Billed as the future ace, Romero broke through with three excellent seasons from 2009 to 2011 until injuries caught up to him. The talented lefty last pitched professionally in 2017 with the Giants organization and can now be seen on Blue Jays broadcasts as an analyst.
2004: David Purcey, LHP, University of Oklahoma (No. 16)
Purcey pitched well through his first couple of seasons in the Minors and eventually earned his MLB debut in 2008 with the Blue Jays. The left-hander pitched parts of five MLB seasons -- last with the White Sox in 2013 -- and finished his pro career in the Chinese Professional Baseball League in 2015.
2003: Aaron Hill, 2B, Louisiana State University (No. 13)
A great pick by the Blue Jays, Hill played seven Major League seasons with the Blue Jays and 13 total. Hill’s best year came back in 2009, when he hit .286 with 36 home runs, earning an All-Star appearance and Silver Slugger Award.
2002: Russ Adams, SS, University of North Carolina (No. 14)
Adams profiled as Toronto’s shortstop of the future for a time and quickly earned his MLB debut in 2004. He played parts of five seasons in the big leagues with the Blue Jays, hitting .247 with a .685 OPS.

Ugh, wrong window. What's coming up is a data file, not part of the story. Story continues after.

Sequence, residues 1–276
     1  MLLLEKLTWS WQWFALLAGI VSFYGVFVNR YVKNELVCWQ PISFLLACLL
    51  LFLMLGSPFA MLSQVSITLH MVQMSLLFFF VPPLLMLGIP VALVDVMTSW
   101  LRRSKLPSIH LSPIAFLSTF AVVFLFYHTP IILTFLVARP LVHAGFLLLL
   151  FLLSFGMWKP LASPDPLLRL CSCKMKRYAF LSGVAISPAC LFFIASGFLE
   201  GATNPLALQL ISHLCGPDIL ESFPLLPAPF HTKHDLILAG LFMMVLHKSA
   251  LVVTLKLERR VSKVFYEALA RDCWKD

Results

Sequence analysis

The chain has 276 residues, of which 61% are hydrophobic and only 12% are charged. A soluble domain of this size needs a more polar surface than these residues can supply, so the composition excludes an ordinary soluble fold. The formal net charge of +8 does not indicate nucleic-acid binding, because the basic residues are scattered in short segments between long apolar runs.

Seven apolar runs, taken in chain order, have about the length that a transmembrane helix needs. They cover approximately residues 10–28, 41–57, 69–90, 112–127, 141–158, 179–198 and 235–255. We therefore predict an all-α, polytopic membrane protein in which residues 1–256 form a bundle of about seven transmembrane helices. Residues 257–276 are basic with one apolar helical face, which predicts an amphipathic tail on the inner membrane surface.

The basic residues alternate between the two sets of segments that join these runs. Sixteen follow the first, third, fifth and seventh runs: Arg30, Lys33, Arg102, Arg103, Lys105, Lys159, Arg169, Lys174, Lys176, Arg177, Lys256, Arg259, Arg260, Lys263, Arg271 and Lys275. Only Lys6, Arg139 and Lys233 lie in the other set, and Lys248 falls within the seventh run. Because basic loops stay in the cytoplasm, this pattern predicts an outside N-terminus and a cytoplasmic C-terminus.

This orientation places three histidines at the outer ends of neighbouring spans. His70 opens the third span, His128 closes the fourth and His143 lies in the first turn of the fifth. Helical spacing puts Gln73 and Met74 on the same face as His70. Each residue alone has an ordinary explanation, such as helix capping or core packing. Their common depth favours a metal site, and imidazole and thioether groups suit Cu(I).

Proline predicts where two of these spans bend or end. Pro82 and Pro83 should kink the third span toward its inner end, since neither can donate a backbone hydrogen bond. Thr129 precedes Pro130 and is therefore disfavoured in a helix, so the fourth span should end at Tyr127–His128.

2001: Gabe Gross, OF, Auburn University (No. 15)
Gross put up some big numbers in the Minors before earning his big league debut in 2004 with the Blue Jays. He went on to play with the Brewers, Rays and A’s, too, seeing MLB time in parts of seven seasons before his final in 2010.
2000: Miguel Negron, OF, Manuela Toro HS (P.R.) (No. 18)
Negron was drafted out of Puerto Rico and played six Minor League seasons with the Blue Jays, reaching Double-A, before moving on to play with the Cubs, Mets and White Sox.
1999: Alex Ríos, OF, San Pedro Martin HS (P.R.) (No. 19)
Drafted as a third baseman, Rios went on to have a productive career as an outfielder for the Blue Jays, White Sox, Rangers and Royals. His best stretch with the Blue Jays came in 2006 and ’07, when he hit a combined .299 with an .857 OPS and was named to the All-Star Game in each year.
1998: Felipe López, SS, Lake Brantley HS (Fla.) (No. 8)
López played his first two MLB seasons with the Blue Jays before being dealt to the Reds as part of a four-team trade and went on to have a nice career over 11 seasons, also spending time with the Nationals, Cardinals, Brewers, D-backs, Rays and Red Sox.
1997: Vernon Wells, OF, Bowie HS (Texas) (No. 5)
One of the organization’s most productive players, Wells played 12 seasons with the Blue Jays, appearing in three All-Star Games and winning three Gold Glove Awards. His finest season came back in 2003, when Wells hit .317 with 33 home runs, 117 RBIs and a .909 OPS. He can now be seen on Blue Jays broadcasts.
1996: Billy Koch, RHP, Clemson (No. 4)